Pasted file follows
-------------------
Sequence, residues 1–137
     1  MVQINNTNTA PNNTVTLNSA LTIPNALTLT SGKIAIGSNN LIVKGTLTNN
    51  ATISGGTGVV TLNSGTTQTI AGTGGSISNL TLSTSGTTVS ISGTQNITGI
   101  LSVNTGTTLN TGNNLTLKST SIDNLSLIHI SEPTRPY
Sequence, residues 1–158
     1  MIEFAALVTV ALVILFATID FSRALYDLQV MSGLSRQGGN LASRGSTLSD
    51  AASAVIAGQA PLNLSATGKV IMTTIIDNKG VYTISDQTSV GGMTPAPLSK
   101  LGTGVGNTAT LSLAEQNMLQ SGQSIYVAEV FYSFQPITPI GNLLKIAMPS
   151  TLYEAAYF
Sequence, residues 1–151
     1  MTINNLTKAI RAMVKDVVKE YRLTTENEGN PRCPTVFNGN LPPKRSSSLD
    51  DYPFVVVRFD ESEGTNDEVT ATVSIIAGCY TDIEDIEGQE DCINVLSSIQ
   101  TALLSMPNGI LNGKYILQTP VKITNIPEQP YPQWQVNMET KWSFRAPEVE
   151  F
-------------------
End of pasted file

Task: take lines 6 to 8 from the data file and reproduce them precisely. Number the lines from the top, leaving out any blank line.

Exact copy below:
     1  MIEFAALVTV ALVILFATID FSRALYDLQV MSGLSRQGGN LASRGSTLSD
    51  AASAVIAGQA PLNLSATGKV IMTTIIDNKG VYTISDQTSV GGMTPAPLSK
   101  LGTGVGNTAT LSLAEQNMLQ SGQSIYVAEV FYSFQPITPI GNLLKIAMPS